The aim of this chapter is to examine the issue of religion in Europe’s recent and current international relations. The context is the regional debate about multiple modernities. A specific case study linked to the multiple modernities issue is that of Turkey’s bid to join the European Union. The chapter starts by reviewing briefly the development of secularization in Europe as a fundamental aspect of modernization, a trajectory leading to an end state, modernity, premised on the demise of religion as a significant public actor and its inexorable privatization. The assumption was that modernization and its outcome, modernity, are both unavoidable and inevitable. Moreover, patterns and outcomes associated with modernization and modernity were thought to produce predictable patterns of uniformity and standardization not only in Europe but also in the rest of the world. In other words, Europe’s experience was assumed to be globally applicable, a universal temple for religion’s public marginalization, whereby other cultures, countries and regions would replicate Europe’s cultural and historical experiences. Prior to the Iranian revolution of 1978-1979, religion was widely seen as rather insignificant in international relations. This view derived in part from the prominence of secular international security issues during the Cold War. Underpinning such a view were two widely accepted assumptions in EuropeanAmerican – that is, ‘Western’ – social science: (1) rationality and secularity go hand in hand, and (2) ‘modern’, political, economic and social systems are found in societies that have modernized, via a process of secularization, that publicly marginalizes or ‘privatizes’ religion. To understand the process of modernization in Europe it is useful to start by reminding ourselves of Europe’s particular experiences in nation-and state-building, and the role of religion in those processes. Prior to the eighteenth century and the subsequent formation and development of the modern international state system, religion was a key ideology that often stimulated conflict between societal groups. However, following the Peace of Westphalia in 1648 and the development of centralized states first in (Western) Europe and then via European colonization to most of the rest of the world, religion took a back seat as an organizing ideology both domestically and internationally. Now, however, it is often observed that there is a widespread resurgence of religion (see, for example, Norris and Inglehart 2004). One of the strands of this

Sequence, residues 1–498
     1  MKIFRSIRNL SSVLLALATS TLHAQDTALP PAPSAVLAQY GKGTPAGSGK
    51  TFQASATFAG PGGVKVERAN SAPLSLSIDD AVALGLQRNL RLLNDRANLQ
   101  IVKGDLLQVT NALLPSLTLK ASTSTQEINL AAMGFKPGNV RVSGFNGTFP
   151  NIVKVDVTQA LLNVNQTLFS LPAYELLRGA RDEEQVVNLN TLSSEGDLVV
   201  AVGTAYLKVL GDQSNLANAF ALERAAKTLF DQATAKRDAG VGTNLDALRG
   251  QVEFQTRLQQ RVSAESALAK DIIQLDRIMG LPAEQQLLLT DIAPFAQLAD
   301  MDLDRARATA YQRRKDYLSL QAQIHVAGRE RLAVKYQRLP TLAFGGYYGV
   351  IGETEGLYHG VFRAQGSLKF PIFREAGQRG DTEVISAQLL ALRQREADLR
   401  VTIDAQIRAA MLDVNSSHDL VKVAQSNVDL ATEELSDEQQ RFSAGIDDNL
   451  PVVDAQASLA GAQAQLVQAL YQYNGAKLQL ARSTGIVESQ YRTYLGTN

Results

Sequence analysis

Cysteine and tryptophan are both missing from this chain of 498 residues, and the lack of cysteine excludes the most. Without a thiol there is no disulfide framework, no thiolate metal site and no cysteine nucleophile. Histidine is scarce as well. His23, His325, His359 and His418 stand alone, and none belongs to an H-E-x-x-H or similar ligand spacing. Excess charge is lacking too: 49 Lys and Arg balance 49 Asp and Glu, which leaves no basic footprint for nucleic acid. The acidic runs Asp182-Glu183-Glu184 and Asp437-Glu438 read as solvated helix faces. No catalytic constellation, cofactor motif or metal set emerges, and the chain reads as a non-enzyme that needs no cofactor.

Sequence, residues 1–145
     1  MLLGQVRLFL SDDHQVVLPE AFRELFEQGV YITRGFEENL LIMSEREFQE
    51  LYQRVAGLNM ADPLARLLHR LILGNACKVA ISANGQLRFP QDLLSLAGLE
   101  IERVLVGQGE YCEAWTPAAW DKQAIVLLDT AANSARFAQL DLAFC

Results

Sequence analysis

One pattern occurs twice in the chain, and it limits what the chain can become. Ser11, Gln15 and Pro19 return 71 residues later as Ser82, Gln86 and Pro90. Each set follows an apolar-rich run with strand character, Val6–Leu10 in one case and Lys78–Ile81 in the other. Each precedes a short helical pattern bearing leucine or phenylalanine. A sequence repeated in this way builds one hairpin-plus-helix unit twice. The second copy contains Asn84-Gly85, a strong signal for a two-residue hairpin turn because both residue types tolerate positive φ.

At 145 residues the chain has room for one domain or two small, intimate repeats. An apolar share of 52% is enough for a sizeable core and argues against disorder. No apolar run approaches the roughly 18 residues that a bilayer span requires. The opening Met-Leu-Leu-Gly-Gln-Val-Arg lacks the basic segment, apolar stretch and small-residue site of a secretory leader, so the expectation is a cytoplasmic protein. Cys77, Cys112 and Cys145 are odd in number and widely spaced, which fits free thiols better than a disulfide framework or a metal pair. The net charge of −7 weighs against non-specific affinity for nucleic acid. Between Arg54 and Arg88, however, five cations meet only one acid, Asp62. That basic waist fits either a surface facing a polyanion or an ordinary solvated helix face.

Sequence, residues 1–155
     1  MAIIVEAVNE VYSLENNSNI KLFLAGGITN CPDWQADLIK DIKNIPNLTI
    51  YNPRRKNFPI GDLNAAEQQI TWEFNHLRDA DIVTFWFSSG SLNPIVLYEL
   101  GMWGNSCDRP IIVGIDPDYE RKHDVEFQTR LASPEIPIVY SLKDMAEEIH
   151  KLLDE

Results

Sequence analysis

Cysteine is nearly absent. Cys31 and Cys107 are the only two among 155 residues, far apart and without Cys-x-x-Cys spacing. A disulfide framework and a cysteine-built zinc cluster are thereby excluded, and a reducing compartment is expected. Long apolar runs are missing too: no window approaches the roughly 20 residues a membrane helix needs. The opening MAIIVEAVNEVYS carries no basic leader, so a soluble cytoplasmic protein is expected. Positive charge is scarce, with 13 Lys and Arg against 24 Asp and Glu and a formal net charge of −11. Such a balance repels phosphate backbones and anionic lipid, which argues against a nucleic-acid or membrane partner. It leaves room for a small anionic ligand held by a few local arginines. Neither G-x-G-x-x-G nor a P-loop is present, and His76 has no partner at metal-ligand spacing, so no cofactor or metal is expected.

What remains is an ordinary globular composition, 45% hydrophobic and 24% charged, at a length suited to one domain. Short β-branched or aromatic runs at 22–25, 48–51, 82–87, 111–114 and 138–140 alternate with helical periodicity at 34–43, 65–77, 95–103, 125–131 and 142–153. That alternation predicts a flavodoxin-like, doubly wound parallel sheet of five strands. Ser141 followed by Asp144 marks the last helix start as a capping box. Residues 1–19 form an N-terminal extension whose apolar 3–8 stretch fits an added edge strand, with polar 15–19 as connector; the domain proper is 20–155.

was that after the Cold War ended in the late 1980s, increased examples became apparent of conflicts characterized by cultural/civilizational issues, with religion very often a key component (Huntington 1996). Many observers point to the Iranian revolution of 1978-1979 as a key example in this regard, more generally marking the reappearance of religion as a significant political actor. More generally, the last two or three decades have seen an increased political involvement of Muslim political actors in many countries. Attention is especially focused on Islamism (pejoratively, ‘Islamic fundamentalism’) in the Middle East, West Asia, the Horn of Africa and elsewhere. Europe appeared to be an exception to the trend of religious resurgence, with most regional countries still characterized by continuing secularization. However, the importance of religion in democratization in Poland in the late 1980s, the rise of ‘Muslim politics’ in Britain, France, the Netherlands and elsewhere in the 1990s, and the religious component of Turkey’s bid to join the European Union (EU) highlighted that, ‘even’ in Europe, religion was a component of continuing political and social issues.